1. Leveraging external activity. Many technology issues you face are not unique to your organization. It's likely other organizations face similar challenges. Open source enables you to work collaboratively with others by carefully segmenting those parts of the issue that are not proprietary. This enables you to bring value from outside into the organization.
  2. Negotiating open source politics. Open source projects can get political and you'll need to navigate this. The OSPO gives your organization an informed position from which to understand and address the complicated human factors that play into open source community work.
  3. Evaluating options. As your organization embraces openness, you'll find people suggesting activities by saying "But it's open source." You know that's not enough. You'll need to evaluate open source activities by looking at many factors, including technical merit, project health, and implications to compliance requirements.
  4. Ongoing guidance. The best strategies are flexible and alive. You might deliver a slide deck or document, but you'll make the most impact when you provide regular open source guidance to engineers, managers, risk management partners, and others in the organization that will have questions and concerns. about open source.
  5. Managing the roadmap. Progress takes time, and the landscape will change. A Roadmap is an effective tool to describe your current and near-term focus, as well as what you see on the horizon. This helps you advise on important timing decisions related to adopting or avoiding certain open source projects.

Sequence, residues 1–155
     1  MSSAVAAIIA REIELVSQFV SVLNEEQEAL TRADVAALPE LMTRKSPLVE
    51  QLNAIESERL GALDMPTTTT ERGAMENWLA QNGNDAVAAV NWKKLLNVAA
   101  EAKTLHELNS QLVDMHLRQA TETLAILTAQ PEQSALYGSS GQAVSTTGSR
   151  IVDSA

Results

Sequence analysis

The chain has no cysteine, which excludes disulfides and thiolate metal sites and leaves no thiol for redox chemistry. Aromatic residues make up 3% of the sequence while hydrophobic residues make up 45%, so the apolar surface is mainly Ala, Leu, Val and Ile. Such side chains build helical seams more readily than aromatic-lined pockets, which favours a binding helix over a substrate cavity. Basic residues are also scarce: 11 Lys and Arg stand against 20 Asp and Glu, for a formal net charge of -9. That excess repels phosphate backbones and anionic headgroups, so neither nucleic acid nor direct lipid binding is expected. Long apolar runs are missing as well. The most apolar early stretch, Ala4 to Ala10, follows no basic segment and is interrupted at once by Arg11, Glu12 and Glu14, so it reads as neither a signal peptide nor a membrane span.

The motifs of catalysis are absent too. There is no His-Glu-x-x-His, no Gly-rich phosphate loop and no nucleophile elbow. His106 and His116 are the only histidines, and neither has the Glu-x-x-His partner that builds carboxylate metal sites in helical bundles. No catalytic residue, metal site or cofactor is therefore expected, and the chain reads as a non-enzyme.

Strategy is an Evolutionary Process

Creating an effective Open Source Program Office is one step on a long journey. Level 5 implies a level of maturity where you have capabilities that enable you to make decisions that were previously unavailable. Much like reading a book on chess strategy does not make you a chess master, this guide only suggests how to orient your thinking and leverage situational awareness. Your journey will give you and your organization the capabilities that can help you change the game in your favor.

Initially, your OPSO will seek visibility into the code base that makes your core products and services operate. These skills help you tackle the volume of code, the burden of code management processes, the costs of vendor lock-in, and the expense of incurring technical debt. Eventually, you'll operate with the confidence of experience borne from the lessons of a few mistakes here and there.

There's one more thing: Success in open source implies you have contributed back to the community that has helped you achieve your successes. Open source is built upon the virtuous cycle of contributions and improvements. You have found that the more you give back, the more you get. If you are here, it's because you have joined others in this process of learning and sharing. For that, thank you!

Further Reading